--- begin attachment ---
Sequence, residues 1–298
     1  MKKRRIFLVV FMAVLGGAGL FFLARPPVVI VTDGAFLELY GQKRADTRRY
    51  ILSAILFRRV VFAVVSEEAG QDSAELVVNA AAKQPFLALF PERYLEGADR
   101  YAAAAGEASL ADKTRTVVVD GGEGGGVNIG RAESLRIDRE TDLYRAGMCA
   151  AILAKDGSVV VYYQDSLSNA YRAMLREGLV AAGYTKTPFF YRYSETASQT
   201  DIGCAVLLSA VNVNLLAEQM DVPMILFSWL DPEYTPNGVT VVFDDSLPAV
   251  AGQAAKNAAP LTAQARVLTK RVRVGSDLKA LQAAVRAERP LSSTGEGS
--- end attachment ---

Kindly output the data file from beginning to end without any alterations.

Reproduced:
Sequence, residues 1–298
     1  MKKRRIFLVV FMAVLGGAGL FFLARPPVVI VTDGAFLELY GQKRADTRRY
    51  ILSAILFRRV VFAVVSEEAG QDSAELVVNA AAKQPFLALF PERYLEGADR
   101  YAAAAGEASL ADKTRTVVVD GGEGGGVNIG RAESLRIDRE TDLYRAGMCA
   151  AILAKDGSVV VYYQDSLSNA YRAMLREGLV AAGYTKTPFF YRYSETASQT
   201  DIGCAVLLSA VNVNLLAEQM DVPMILFSWL DPEYTPNGVT VVFDDSLPAV
   251  AGQAAKNAAP LTAQARVLTK RVRVGSDLKA LQAAVRAERP LSSTGEGS